Amid change, Rohingya remain Myanmar's 'elephant in the room'
In a country that seems finally on the right track, the religious roots of the violence directed at the minority group in Rakhine state remain a taboo topic, among activists and politicians alike
Approaching the second half of his four-year term, President Thein Sein has seemingly managed to steer the country forward on the path to democratisation and reconciliation, and shown good faith in resolving several bitter issues. Early last week, his announcement in London of his government's intention to release all political prisoners and achieve reconciliation with all ethnic groups was welcomed internationally and at home. Hundreds of exiles who fled the country in separate waves since 1988 have returned to check out the new air of optimism on the ground. Problematic issues impeding the civilian parliamentarian system have been open for debate and some have been partially addressed.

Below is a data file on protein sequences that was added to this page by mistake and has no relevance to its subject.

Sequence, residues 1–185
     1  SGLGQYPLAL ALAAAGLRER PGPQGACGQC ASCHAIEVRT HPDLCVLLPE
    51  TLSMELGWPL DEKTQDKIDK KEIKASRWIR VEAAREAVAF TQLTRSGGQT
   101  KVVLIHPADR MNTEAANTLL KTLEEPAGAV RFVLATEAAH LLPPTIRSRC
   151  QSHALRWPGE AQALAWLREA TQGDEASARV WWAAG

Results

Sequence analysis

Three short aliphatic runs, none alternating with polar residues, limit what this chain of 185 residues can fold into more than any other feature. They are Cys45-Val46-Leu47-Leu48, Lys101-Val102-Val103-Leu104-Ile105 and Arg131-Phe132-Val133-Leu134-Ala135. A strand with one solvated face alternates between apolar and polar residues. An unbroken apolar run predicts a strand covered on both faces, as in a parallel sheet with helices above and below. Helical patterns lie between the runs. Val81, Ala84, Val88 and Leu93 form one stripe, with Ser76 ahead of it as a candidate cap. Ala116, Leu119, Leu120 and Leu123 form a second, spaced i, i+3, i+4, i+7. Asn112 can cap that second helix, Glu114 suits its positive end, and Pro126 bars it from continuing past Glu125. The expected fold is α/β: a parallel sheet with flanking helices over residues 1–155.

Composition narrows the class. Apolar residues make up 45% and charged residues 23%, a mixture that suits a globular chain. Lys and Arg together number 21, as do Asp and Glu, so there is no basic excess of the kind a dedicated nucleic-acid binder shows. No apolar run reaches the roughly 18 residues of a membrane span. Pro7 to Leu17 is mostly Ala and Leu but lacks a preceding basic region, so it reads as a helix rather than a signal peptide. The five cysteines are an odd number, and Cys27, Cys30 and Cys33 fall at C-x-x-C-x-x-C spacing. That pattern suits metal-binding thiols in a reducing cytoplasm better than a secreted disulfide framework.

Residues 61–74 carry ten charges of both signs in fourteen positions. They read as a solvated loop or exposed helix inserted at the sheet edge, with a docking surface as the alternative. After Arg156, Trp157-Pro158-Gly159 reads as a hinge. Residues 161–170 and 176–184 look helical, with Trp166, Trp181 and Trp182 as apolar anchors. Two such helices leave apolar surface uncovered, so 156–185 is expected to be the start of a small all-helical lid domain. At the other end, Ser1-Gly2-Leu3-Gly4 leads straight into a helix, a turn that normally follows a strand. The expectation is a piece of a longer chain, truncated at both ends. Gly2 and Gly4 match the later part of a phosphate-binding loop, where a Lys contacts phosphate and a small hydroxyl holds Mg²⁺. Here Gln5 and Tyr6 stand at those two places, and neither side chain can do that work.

However, one major issue remains not only unaddressed, it's officially taboo in many circles - the explosive sectarian divide between majority Buddhists and minority Muslims, particularly Rohingya, in Rakhine state. Members of the minority are viewed by the government as immigrants from Bengal, now divided between India and Bangladesh. The issue has tarnished the image of Myanmar activists and politicians of all stripes, as both groups have been largely silent about the verbal and physical attacks carried out by a a radical Buddhist element against the Rohingya.
The safety and civil liberties of Rohingya have been overlooked in a country still reeling from the excesses of a repressive and often brutal military junta. The communal conflicts in western Rakhine state which began early last year have shown religion and race to be the most sensitive issues in the post-military era.
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